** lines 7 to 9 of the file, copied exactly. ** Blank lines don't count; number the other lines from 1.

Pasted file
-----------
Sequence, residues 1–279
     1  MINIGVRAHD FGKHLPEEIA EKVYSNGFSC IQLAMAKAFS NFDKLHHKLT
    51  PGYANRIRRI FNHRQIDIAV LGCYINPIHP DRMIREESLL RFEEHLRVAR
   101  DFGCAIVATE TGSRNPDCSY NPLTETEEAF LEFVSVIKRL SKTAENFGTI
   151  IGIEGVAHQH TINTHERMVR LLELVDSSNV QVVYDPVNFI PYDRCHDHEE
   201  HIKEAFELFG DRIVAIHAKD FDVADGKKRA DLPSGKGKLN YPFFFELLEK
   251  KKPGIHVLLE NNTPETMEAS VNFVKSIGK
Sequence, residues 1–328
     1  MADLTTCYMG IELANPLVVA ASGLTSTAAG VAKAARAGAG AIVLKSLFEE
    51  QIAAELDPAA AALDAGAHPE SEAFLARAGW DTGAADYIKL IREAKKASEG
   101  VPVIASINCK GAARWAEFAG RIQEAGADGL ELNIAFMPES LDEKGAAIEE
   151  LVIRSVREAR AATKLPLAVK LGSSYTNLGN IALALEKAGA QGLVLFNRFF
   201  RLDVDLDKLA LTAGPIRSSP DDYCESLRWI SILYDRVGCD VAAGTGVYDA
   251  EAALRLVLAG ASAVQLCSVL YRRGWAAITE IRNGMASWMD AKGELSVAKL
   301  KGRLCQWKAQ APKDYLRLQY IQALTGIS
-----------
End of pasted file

   251  KKPGIHVLLE NNTPETMEAS VNFVKSIGK
Sequence, residues 1–328
     1  MADLTTCYMG IELANPLVVA ASGLTSTAAG VAKAARAGAG AIVLKSLFEE